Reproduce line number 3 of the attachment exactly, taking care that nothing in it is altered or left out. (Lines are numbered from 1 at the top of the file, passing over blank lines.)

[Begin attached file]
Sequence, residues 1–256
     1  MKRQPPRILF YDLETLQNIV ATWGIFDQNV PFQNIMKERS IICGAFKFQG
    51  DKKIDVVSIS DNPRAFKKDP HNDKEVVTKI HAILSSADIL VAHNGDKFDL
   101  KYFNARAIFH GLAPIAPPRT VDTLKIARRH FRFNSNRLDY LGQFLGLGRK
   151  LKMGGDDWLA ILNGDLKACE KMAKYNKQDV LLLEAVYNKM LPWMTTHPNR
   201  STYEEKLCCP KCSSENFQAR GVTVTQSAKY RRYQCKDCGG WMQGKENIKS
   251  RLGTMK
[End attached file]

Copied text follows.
    51  DKKIDVVSIS DNPRAFKKDP HNDKEVVTKI HAILSSADIL VAHNGDKFDL